I'm Lindsay Ferrier, a Nashville wife and mother with a passion for family travel, (mostly) healthy cooking, exploring Tennessee, and raising kids without losing my mind in the process. This is where I share my discoveries with you, along with occasional deep thoughts, pop culture tangents and a sprinkling of snark.
March 20, 2020
My Facebook feed is filled right now with moms and dads resolutely trying to help their kids do all of their schoolwork from home. And I feel for them, because I know how hard it is. This is my fourth year of homeschooling my daughter under much the same conditions — Teachers set her curriculum and give lectures once or twice a week in a classroom environment, but she does most of her work at home. With so much support, my homeschool set-up is as easy as it possibly could be, and my daughter and I both have the personalities to make it work — and you know what?
It’s still hard as hell. Unless you’ve always secretly wanted to be a teacher and you have an incredible amount of patience and time, I really wouldn’t recommend it.
That’s how I feel under normal circumstances and obviously right now, things are anything but normal. We’re all trying to put on a brave face as coronavirus cases in our country multiply, but these are super scary times for every single one of us. Our retirements have dwindled to nothing. Our jobs and businesses might not survive. Our friends, our loved ones, and in some cases, we ourselves are at risk of complications if we happen to catch coronavirus. And our school-aged kids certainly aren’t oblivious to what’s going on — They’re connected online like never before and many of them know the latest dire headlines even before we do. We are all — as individuals, as families, as a nation, as a world — reeling.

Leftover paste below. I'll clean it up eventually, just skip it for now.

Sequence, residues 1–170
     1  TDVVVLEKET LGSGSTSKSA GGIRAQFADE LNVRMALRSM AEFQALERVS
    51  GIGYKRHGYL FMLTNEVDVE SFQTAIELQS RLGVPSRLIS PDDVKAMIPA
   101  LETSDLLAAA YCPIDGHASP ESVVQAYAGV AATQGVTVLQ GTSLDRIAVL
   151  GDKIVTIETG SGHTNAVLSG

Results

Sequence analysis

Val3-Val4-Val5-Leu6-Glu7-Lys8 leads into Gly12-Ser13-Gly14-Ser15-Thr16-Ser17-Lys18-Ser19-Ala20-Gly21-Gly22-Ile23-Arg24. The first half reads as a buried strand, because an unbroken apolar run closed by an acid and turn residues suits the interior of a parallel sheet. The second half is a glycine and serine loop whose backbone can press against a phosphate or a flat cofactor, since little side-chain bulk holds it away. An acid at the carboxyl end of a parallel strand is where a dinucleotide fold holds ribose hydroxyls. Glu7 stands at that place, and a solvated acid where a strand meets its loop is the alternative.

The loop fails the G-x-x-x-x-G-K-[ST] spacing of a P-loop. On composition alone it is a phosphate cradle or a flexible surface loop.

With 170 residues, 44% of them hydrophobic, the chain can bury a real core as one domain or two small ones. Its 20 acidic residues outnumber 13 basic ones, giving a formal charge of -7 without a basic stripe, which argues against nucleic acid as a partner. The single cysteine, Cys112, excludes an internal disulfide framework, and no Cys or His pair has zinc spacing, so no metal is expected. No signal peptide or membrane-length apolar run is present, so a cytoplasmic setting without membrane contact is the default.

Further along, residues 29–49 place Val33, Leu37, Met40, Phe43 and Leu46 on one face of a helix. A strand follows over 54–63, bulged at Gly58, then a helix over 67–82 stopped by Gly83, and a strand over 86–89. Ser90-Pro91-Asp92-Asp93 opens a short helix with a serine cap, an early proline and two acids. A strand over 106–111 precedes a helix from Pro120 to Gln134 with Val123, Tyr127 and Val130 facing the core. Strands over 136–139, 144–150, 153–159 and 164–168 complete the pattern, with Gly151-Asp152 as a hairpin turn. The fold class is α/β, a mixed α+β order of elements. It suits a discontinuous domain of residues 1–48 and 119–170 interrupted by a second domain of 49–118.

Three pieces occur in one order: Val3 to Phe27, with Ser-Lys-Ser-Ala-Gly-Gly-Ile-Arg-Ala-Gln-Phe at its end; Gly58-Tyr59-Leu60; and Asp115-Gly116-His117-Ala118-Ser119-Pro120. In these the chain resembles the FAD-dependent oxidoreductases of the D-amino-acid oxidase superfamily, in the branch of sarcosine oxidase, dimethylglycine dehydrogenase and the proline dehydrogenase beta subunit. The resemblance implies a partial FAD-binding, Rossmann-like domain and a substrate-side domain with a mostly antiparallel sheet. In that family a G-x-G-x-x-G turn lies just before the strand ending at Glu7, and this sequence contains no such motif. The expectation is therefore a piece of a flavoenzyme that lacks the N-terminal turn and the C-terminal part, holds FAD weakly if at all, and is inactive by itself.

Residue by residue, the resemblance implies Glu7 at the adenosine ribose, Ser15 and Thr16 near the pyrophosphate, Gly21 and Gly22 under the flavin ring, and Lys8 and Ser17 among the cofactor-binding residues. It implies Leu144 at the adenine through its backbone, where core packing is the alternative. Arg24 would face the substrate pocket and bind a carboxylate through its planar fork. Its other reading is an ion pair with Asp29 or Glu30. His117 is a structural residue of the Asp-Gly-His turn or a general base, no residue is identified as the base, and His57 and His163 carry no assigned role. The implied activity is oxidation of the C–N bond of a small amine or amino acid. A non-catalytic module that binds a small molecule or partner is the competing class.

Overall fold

And yet apparently, in addition to dealing with this unprecedented worldwide event, parents right now are ALSO expected to make sure our kids receive and understand and complete their online schoolwork each day. And our kids, many of whom are seeing and feeling stress and trauma on a scale never before seen in our lifetimes, are supposed to somehow make the grade. There are so many problems with this scenario that if I tried to list them, I’d be writing all day long. The whole thing is creating additional stress for parents and kids, and additional stress is the LAST thing any of us need right now.
My solution? Call off school until next fall. Let elementary teachers spend the next couple of months changing their curriculum for next year to include what their classroom missed during during the Spring 2020 quarter. Let junior and high school teachers come up with supplemental units covering the missed material that students can review and complete at their own pace, without pressure, before returning to school in the fall. Let all teachers be available to their students right now if they have questions or want additional work. But take away the stress of a 4th quarter grading period. We got through most of the school year and that has to be enough. So what if America’s students are all a couple of months behind on standards next year? I think we, as a nation, can handle it.
Right now, I don’t want to be spending this time trying to understand rate laws and homogenous catalysts so that my stressed out teenager can try to pass Chemistry from the basement apartment of my parents’ home. And I don’t want to be nagging my 13-year-old son to complete his social studies study guide so that he’s ready for an online test tomorrow at 8am. That should not be part of any parent’s job description right now.
My job right now is to keep my kids’ spirits lifted as we absorb the shock of being housebound for who knows how long. My job is to make chocolate chip cookies with them. Play board games with them. Do art projects with them. Go for walks with them. Help them learn more about subjects and hobbies and potential careers they’re interested in. Watch movies with them. Make them feel as good as they possibly can as everything is crumbling around us. School is not helping.
School is getting in the way.
Call it off. Shut it down. Or at least make fourth quarter grades optional on students’ final transcripts.
Our sanity over these next couple of months may well depend on it.